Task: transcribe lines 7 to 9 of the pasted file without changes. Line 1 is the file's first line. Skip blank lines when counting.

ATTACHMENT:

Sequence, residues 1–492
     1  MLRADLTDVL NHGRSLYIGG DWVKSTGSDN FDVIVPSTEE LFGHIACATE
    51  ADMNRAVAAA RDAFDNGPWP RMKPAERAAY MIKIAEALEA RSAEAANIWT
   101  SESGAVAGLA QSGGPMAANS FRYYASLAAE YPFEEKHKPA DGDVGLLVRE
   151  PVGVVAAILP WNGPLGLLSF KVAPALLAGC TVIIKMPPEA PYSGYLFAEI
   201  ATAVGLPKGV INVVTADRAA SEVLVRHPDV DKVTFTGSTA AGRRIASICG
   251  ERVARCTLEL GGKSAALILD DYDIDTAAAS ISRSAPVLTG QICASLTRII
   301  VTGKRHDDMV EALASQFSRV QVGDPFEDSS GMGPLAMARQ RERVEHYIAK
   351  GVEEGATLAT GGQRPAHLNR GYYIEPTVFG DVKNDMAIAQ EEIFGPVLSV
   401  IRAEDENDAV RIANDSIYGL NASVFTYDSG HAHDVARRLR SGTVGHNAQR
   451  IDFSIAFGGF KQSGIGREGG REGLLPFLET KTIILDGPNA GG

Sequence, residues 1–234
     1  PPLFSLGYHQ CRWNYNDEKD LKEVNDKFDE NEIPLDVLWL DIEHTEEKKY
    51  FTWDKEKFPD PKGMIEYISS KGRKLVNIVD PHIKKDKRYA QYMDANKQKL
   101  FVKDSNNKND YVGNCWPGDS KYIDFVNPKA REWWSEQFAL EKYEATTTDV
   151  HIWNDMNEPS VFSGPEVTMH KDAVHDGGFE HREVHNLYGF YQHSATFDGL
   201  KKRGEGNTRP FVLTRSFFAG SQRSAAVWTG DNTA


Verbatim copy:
   251  ERVARCTLEL GGKSAALILD DYDIDTAAAS ISRSAPVLTG QICASLTRII
   301  VTGKRHDDMV EALASQFSRV QVGDPFEDSS GMGPLAMARQ RERVEHYIAK
   351  GVEEGATLAT GGQRPAHLNR GYYIEPTVFG DVKNDMAIAQ EEIFGPVLSV